Technical Paper

Lower Limb: Advanced FE Model and New Experimental Data

2001-11-01
2001-22-0022
The Lower Limb Model for Safety (LLMS) is a finite element model of the lower limb developed mainly for safety applications. It is based on a detailed description of the lower limb anatomy derived from CT and MRI scans collected on a subject close to a 50th percentile male. The main anatomical structures from ankle to hip (excluding the hip) were all modeled with deformable elements. The modeling of the foot and ankle region was based on a previous model Beillas et al. (1999) that has been modified. The global validation of the LLMS focused on the response of the isolated lower leg to axial loading, the response of the isolated knee to frontal and lateral impact, and the interaction of the whole model with a Hybrid III model in a sled environment, for a total of nine different set-ups. In order to better characterize the axial behavior of the lower leg, experiments conducted on cadaveric tibia and foot were reanalyzed and experimental corridors were proposed.
Technical Paper

Opportunities for Injury Reduction in US Frontal Crashes: An Overview by Structural Engagement, Vehicle Class, and Occupant Age

2013-11-11
2013-22-0017
An overview NASS study of US frontal crashes was performed to investigate crash involvement, driver injury distributions and rates in airbag equipped vehicles by vehicle class and structural engagement. Frontal crash bins were based on taxonomy of structural engagement, i.e., Full Engagement, Offset, Between Rails and Corner impact crashes. A new classification of Corner impacts included frontal small overlap impacts with side damage as coded by NASS CDS. Belted drivers of two age groups, between 16 and 50 and over 50 years old, were considered. Vehicles were grouped into light and heavy passenger cars and lights trucks, and vans. A method to identify and address overly influential NASS weights was developed based on considerations of weighting factor statistics. The new taxonomy, with an expanded definition of corner impacts, allowed a more comprehensive classification of frontal crash modes.
Technical Paper

Interactions of Out-of-Position Small-Female Surrogates with a Depowered Driver Airbag

2008-11-03
2008-22-0008
The objectives of this study were to examine the response, repeatability, and injury predictive ability of the Hybrid III small-female dummy to static out-of-position (OOP) deployments using a depowered driver-side airbag. Five dummy tests were conducted in two OOP configurations by two different laboratories. The OOP configurations were nose-on-rim (NOR) and chest-on-bag (COB). Four cadaver tests were conducted using unembalmed small-female cadavers and the same airbags used in the dummy tests under similar OOP conditions. One cadaver test was designed to increase airbag loading of the face and neck (a forehead-on-rim, or FOR test). Comparison between the dummy tests of Lab 1 and of Lab 2 indicated the test conditions and results were repeatable. In the cadaver tests no skull fractures or neck injuries occurred. However, all four cadavers had multiple rib fractures.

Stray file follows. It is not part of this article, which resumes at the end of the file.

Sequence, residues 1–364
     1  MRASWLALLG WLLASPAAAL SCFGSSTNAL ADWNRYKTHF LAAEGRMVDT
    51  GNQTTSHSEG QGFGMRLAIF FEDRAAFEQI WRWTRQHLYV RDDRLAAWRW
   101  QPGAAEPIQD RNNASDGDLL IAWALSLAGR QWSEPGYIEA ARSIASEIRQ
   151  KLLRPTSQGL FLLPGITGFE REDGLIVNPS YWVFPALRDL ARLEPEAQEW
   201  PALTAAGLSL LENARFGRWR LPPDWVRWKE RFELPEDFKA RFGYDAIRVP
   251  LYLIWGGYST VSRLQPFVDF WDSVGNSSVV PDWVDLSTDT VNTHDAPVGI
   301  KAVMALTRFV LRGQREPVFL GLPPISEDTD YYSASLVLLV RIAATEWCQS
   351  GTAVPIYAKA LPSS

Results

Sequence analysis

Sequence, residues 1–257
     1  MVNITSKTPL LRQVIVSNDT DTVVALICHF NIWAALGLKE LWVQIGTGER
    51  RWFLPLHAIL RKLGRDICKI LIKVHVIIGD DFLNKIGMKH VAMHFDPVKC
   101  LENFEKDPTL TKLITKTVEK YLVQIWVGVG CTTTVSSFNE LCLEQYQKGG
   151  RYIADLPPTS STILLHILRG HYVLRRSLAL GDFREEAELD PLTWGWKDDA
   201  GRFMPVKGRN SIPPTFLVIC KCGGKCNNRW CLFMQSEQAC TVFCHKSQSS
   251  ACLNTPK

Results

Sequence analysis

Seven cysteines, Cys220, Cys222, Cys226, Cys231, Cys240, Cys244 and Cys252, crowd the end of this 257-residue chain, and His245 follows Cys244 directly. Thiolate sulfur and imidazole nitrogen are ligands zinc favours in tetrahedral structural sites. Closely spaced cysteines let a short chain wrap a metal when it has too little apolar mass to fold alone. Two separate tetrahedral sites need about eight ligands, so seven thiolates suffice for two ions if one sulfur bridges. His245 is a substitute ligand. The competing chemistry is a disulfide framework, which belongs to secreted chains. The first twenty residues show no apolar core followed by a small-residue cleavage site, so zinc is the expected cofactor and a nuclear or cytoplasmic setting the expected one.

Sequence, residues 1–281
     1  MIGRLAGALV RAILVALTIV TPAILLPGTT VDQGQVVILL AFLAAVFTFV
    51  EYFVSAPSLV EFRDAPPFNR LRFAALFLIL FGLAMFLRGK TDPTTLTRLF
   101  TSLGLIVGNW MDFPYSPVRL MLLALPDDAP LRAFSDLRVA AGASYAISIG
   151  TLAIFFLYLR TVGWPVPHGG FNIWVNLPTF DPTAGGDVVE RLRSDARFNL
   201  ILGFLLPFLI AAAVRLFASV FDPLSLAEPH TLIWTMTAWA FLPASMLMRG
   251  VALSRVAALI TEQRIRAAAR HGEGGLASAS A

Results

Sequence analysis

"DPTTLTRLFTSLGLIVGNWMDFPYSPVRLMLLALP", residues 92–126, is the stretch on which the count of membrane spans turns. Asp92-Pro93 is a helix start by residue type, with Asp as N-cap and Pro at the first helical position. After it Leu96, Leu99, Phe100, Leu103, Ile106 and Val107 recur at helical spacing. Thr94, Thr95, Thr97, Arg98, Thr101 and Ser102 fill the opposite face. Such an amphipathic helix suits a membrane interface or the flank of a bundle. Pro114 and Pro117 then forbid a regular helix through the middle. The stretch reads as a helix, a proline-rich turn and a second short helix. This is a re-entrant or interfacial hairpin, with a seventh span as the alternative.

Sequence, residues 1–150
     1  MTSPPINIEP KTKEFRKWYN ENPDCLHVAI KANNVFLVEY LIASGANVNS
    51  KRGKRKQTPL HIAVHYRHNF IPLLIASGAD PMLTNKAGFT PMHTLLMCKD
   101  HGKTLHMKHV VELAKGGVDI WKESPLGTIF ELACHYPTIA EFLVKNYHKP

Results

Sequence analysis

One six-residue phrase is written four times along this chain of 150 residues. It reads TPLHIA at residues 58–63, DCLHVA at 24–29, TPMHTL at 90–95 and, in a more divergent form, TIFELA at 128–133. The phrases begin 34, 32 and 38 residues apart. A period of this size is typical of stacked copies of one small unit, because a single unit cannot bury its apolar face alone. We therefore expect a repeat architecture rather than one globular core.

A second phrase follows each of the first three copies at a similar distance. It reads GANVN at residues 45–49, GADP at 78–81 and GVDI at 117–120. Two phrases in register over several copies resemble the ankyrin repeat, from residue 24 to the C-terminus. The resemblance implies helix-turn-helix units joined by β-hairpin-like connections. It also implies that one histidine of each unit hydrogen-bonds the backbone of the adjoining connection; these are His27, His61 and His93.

Technical Paper

Side Impact Regulatory Trends, Crash Environment and Injury Risk in the USA

2015-11-09
2015-22-0004
Light duty vehicles in the US are designed to meet and exceed regulatory standards, self-imposed industry agreements and safety rating tests conducted by NHTSA and IIHS. The evolution of side impact regulation in the US from 1973 to 2015 is discussed in the paper along with two key industry agreements in 2003 affecting design of restraint systems and structures for side impact protection. A combination of all the above influences shows that vehicles in the US are being designed to more demanding and comprehensive requirements than in any other region of the world. The crash environment in the US related to side impacts was defined based on data in the nationally representative crash database NASS. Crash environment factors, including the distribution of cars, light trucks and vans (LTV’s), and medium-to-heavy vehicles (MHV’s) in the fleet, and the frequency of their interactions with one another in side impacts, were considered.
Technical Paper

Age-Specific Injury Risk Curves for Distributed, Anterior Thoracic Loading of Various Sizes of Adults Based on Sternal Deflections

2016-11-07
2016-22-0001
Injury Risk Curves are developed from cadaver data for sternal deflections produced by anterior, distributed chest loads for a 25, 45, 55, 65 and 75 year-old Small Female, Mid-Size Male and Large Male based on the variations of bone strengths with age. These curves show that the risk of AIS ≥ 3 thoracic injury increases with the age of the person. This observation is consistent with NASS data of frontal accidents which shows that older unbelted drivers have a higher risk of AIS ≥ 3 chest injury than younger drivers.
Technical Paper

Macroscopic Constitutive Behaviors of Aluminum Honeycombs Under Dynamic Inclined Loads

2007-04-16
2007-01-0979
Macroscopic constitutive behaviors of aluminum 5052-H38 honeycombs under dynamic inclined loads with respect to the out-of-plane direction are investigated by experiments. The results of the dynamic crush tests indicate that as the impact velocity increases, the normal crush strength increases and the shear strength remains nearly the same for a fixed ratio of the normal to shear displacement rate. The experimental results suggest that the macroscopic yield surface of the honeycomb specimens as a function of the impact velocity under the given dynamic inclined loads is not governed by the isotropic hardening rule of the classical plasticity theory. As the impact velocity increases, the shape of the macroscopic yield surface changes, or more specifically, the curvature of the yield surface increases near the pure compression state.